Over the last four decades, many resources have been spent on interventions to improve the beginning of the doctoral training “pipeline”. The focus has been on encouraging K-12 and undergraduate students to pursue STEM education (especially to enter graduate school). By comparison, there are few interventions directed at the career needs of current advanced doctoral graduate students and postdocs. In fact, a recent National Academy report on minority participation in STEM (NAS 2011) only focused on recommendations for the minority K-16 student training “pipeline” and methods to encourage them to pursue doctoral graduate work. Minority postdoctoral scholars were not mentioned as a target of interventions. Furthermore, a GAO report estimated that $3 billion was spent in 2010 by the U.S. federal government on STEM education programs (US GAO 2012). Dr. Roca proposes that if even just 1 percent of these funds were targeted specifically toward minority postdocs, then there will be a larger overall return-on-investment on the quantity and quality of the desired long-term outcomes. If the NIH Diversity Working Group wants to address R01 grant success in the short-term, then training postdocs in grant writing and tenure track preparation is a more efficient approach than supporting student-centric activities. If committees from the National Academies or the American Chemical Society want to learn about problems in the training “pipeline”, then the issues of postdoctoral scholars need to take precedence since this is the last career stage before advancing to tenure track positions.
Postdoctoral scholars, not students, are the primary candidate pool for open faculty positions especially in the STEM disciplines. Most federally-funded STEM diversity interventions promote diversifying the professoriate as their program’s goal. However, intervention activities only target the beginning of the training “pipeline” (from K12 up thru the doctoral graduate student stage) thereby leaving these student alumni exposed to vulnerabilities during their postdoctoral training. Note that the nation is potentially at an unprecedented opportunity to make a dramatic advancement in doctoral workforce diversity. Over the next 5 to 10 years, a generational change will occur as the aging “Sputnik”-era of scholars confront health issues of their own or of their partners. Only postdoctoral scholars will be poised to fill such a wave of once-in-a-generation job openings.
Uncovering Postdoctoral Issues
Many “diversity” issues are similar for minorities at every career step. Yet some issues are distinct to the postdoctoral stage (Roca 2010c). For example, can affirmative action ideals and policies be applied to non-advertised postdoc positions? The most competitive and lucrative postdoctoral training experiences are created by an informal, mutual agreement between the prospective candidate and the advisor thereby circumventing the typical employee recruitment process.
Navigating a successful transition into (and presumably out of) the postdoctoral stage will depend upon a trainee’s networking skills and the relationships with their current and future supervisor. Ominously, a National Academies report (NAS 2006) on women in the STEM disciplines noted the following:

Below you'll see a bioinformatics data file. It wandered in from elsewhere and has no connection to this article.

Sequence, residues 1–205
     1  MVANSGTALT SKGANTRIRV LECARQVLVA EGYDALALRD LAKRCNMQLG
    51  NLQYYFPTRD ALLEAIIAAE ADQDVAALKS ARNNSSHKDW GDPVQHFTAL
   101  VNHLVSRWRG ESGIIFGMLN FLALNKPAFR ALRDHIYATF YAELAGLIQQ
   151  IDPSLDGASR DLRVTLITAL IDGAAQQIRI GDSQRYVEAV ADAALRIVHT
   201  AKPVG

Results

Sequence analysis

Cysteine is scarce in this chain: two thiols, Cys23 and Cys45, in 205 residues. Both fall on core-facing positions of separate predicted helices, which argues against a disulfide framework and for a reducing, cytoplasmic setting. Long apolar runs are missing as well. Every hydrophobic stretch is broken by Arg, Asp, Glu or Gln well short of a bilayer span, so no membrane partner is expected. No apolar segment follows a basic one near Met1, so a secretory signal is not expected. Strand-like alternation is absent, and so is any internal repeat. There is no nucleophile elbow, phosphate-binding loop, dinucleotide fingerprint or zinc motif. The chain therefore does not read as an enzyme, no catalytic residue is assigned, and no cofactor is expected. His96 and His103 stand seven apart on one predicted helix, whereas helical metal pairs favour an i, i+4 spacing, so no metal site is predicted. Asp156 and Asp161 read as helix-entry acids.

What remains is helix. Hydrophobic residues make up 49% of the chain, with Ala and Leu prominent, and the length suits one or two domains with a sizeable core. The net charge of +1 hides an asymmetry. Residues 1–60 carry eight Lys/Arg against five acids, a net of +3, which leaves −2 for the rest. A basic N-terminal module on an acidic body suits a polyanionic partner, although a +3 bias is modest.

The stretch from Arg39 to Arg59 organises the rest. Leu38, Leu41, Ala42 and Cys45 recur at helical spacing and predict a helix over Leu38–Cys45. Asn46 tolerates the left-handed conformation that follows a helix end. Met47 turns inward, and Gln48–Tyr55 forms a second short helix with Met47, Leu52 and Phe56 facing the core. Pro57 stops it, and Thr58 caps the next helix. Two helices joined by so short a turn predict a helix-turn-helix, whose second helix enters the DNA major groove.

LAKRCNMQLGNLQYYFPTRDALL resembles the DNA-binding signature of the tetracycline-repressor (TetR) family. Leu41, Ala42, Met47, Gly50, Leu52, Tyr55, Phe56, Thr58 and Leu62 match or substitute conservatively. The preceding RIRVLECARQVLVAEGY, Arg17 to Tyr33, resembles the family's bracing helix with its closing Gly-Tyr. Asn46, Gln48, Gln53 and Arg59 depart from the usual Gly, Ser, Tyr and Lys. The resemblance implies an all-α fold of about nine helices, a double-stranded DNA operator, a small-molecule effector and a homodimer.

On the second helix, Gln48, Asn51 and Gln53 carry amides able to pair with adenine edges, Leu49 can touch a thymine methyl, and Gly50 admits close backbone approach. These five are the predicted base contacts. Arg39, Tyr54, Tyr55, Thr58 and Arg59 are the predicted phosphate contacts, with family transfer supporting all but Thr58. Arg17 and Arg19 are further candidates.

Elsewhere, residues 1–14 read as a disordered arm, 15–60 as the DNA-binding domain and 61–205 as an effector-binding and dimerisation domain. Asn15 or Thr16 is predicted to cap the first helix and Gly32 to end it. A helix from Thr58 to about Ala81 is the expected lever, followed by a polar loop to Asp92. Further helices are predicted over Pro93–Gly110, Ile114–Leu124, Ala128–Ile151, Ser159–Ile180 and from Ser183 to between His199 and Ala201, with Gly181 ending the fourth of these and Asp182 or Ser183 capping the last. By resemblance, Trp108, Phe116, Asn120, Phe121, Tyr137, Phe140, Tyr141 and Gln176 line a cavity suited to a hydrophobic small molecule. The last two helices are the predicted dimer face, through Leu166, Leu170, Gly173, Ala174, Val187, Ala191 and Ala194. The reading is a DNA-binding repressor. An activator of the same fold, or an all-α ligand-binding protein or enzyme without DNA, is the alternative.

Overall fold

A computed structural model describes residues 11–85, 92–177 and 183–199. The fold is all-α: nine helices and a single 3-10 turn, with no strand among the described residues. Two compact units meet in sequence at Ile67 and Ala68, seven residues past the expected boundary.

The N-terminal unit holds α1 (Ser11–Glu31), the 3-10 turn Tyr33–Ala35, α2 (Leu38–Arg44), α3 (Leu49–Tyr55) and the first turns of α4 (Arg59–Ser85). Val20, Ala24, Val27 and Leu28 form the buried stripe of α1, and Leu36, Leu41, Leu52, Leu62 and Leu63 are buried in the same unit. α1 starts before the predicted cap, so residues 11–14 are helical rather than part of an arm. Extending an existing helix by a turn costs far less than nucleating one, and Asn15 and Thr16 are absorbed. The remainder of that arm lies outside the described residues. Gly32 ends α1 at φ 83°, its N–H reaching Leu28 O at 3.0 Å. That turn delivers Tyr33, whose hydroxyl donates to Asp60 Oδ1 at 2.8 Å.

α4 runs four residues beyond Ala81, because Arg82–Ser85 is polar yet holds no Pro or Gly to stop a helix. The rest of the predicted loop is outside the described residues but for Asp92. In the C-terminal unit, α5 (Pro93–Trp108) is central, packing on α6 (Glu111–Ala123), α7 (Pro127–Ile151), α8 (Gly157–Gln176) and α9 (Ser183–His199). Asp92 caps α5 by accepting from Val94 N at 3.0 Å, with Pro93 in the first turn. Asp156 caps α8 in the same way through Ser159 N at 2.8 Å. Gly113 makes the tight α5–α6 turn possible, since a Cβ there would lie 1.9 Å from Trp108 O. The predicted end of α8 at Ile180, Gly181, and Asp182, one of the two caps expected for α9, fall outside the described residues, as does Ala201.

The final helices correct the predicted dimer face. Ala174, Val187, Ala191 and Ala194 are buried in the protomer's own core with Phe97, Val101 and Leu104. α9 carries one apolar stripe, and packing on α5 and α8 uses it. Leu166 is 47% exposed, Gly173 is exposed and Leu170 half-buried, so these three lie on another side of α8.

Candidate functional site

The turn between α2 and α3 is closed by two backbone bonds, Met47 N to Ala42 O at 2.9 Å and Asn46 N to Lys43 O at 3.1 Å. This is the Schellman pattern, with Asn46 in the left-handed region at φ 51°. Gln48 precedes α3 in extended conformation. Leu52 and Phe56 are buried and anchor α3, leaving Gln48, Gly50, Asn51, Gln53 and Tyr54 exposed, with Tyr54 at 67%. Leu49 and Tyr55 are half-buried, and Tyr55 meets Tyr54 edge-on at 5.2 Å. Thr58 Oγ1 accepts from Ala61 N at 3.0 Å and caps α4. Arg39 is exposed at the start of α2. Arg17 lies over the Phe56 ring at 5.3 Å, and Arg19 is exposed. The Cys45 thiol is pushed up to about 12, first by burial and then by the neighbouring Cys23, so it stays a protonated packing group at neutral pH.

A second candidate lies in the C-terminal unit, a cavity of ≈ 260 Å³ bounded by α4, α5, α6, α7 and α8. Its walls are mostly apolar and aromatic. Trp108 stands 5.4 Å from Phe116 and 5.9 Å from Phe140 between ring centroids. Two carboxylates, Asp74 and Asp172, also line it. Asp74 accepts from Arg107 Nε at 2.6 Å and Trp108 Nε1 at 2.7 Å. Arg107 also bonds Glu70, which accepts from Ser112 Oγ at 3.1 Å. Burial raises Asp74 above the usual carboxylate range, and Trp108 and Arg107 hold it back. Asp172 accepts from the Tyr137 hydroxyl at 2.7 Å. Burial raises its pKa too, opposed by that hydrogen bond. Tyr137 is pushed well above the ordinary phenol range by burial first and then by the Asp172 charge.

- Female postdocs receive insufficient advising and mentoring in their graduate program.
- Female postdocs had negative experiences during their graduate careers.
- There may be a bias against female postdoctoral candidates.
Gender and racial issues will surely compound these already precarious career transitions. In particular, Dr. Mary Ann Mason at the 2012 NPA annual meeting described the following unpublished observations about California postdocs (Goulden 2009). Married postdoc mothers are 35% less likely to enter tenure track jobs. In addition, twice as many women then men change their career goal away from academia if they have babies as postdocs.
Unfortunately, most research on diversity and broadening participation has ignored postdocs thus creating a large knowledge gap. Therefore, an analysis of the scholarship and practice on postdoctoral training is timely in light of recent calls to action. The National Academy of Science COSEPUP committee is reviewing the “State of the Postdoctoral Experience for Scientists and Engineers” ten years after their milestone study (NAS 2000). The National Institute of Health’s “Diversity in Biomedical Research Workforce” advisory group was created following a recent study of ethnic disparity success rates among R01 grant awardees (Ginther 2011). Notably, a retrospective review 35 years after the landmark Double Bind report “did not reveal a single empirical study about women of color postdoctoral fellows” (Ong 2011).
Survey of Diverse Postdocs
To start, what is the nature of the minority postdoctoral population? Based on published surveys (for example, Davis 2005), Dr. Roca estimates that there are around 2,000 domestic, underrepresented postdocs from the Hispanic-, African-, and Native-American communities (Roca 2010d). The DiverseScholar organization has developed a unique doctoral directory of diverse postdocs as a first step toward building a community to support their needs. Currently, this email contact list has over 1,000 individuals culled from various diversity intervention programs, conferences, networks, and brute force online searches. Dr. Roca has conducted an internal survey of this postdoctoral population and is also collecting their curriculum vitaes. What follows are demographic and career observations of the survey respondents (see the flyer handout entitled “Talent Pool Demographics”).